I couldn’t keep quiet about it, so I mentioned it to Justin again, asking why he gave it to him. He gave an answer I really had to contemplate and is really a basis for part of this post. Justin said, “He was so interested in the cheese and I want him to be interested in other foods, so I gave it to him.” Then it made sense to me. I asked that he agree to NOT give Jeremiah cheese again, but that we would pay extra attention to foods he showed any interest in.
Another is boiled eggs. Yeah, really plain and weird texture. At first he just played with them. Our response was to keep them away from him because he would pop half of it in his mouth, pop it back out and place it back on our plate. One day Justin jumped at it, sliced that sucker up and Jeremiah ate it! Woo hoo!! He’s been eating them since.
It’s good to step a little out of “normal” sometimes.
Life can become so routine, we don’t try new things, they eat the same food, we aren’t able to go many places. I encourage you (this is even a post for myself) to try. Go. Do. Stretch yourself and your child a little. Don’t make them completely uncomfortable, but you can try taking them to the park, giving them a new food (with warning), or play with a new toy alongside them. You never know, maybe, just maybe.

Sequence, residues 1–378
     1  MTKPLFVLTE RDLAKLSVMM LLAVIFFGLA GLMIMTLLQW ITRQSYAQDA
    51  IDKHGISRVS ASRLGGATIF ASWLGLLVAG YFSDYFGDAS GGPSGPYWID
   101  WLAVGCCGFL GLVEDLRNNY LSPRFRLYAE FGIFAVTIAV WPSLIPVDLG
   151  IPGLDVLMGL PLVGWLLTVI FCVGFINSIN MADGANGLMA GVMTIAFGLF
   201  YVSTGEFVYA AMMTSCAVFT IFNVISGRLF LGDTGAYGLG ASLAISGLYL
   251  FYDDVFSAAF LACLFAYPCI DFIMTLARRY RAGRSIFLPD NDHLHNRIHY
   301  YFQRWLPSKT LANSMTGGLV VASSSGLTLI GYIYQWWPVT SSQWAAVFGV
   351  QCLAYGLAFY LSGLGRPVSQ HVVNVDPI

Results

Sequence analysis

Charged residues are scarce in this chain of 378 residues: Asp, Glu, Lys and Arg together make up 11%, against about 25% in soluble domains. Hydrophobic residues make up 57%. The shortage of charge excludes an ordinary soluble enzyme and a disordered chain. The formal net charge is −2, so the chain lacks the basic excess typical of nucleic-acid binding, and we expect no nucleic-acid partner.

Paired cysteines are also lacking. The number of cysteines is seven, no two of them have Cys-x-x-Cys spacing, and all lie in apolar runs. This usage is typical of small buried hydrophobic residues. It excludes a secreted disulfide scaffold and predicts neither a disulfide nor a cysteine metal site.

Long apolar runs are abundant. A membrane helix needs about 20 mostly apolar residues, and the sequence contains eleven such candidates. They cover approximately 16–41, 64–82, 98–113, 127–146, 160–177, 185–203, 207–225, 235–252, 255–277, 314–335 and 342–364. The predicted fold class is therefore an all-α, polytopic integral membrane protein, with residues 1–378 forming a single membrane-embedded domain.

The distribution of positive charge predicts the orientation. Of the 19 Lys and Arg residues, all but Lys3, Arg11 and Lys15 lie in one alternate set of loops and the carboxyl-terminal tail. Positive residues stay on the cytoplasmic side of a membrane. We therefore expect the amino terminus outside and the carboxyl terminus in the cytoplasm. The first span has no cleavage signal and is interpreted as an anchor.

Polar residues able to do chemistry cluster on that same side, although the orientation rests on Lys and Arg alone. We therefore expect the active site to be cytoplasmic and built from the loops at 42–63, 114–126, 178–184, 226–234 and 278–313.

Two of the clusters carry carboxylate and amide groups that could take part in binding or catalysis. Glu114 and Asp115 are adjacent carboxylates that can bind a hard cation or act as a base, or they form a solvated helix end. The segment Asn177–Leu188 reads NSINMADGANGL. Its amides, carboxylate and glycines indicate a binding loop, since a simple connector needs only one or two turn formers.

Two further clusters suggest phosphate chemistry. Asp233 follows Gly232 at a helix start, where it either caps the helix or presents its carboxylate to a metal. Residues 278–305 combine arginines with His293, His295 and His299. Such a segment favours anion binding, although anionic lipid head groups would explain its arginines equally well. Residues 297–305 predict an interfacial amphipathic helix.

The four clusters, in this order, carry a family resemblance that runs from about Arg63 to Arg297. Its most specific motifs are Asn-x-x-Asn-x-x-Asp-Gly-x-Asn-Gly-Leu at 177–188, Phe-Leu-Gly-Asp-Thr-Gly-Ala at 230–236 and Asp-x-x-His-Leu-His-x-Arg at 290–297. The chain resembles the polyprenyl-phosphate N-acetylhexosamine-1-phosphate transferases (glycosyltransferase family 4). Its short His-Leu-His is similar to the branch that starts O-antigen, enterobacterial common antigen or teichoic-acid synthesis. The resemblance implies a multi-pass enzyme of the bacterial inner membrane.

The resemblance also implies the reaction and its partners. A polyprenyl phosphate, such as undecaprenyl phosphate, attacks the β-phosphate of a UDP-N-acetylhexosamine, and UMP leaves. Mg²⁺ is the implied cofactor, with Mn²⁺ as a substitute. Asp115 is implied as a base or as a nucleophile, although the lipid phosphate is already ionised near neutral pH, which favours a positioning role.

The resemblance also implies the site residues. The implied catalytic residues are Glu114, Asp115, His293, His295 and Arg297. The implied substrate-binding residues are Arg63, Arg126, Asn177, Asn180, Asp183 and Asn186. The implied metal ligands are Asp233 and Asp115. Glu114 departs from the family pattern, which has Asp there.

If someone had told me a few months ago that Jeremiah would be eating eggs, oranges, and almonds today, I would’ve said they were crazy. They wouldn’t have been. But, if we hadn’t paid attention, and if we don’t continue to, we would lose those moments we could build on.
Are there things your child does that you don’t think someone else would understand? If your child is nonverbal how do they communicate with you? Do they use gestures or take you to what they need?
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It can be so easy to slip into a routine of not even attempting new foods because you know your child so well…what they will and won’t tolerate…that you just stick to what you know they will eat. My son has an EXTREMELY limited diet, we end up supplementing with both liquid vitamins and iron to compensate. Between texture and color sensitivities with food, it’s easy to just throw up my hands and stick to what we know. But then he occasionally surprises me…like when we recently discovered he LOVES cheese pizza. So not normal for him. Texture, color, MESS…but he loves it. How many other opportunities to broaden his food horizons am I missing out on when I just stick to what I already know he will eat? 🙂 our special kiddos sure make life interesting, don’t they?
I completely relate! It’s so hard to try new things when you know it won’t work 99.9% of the time.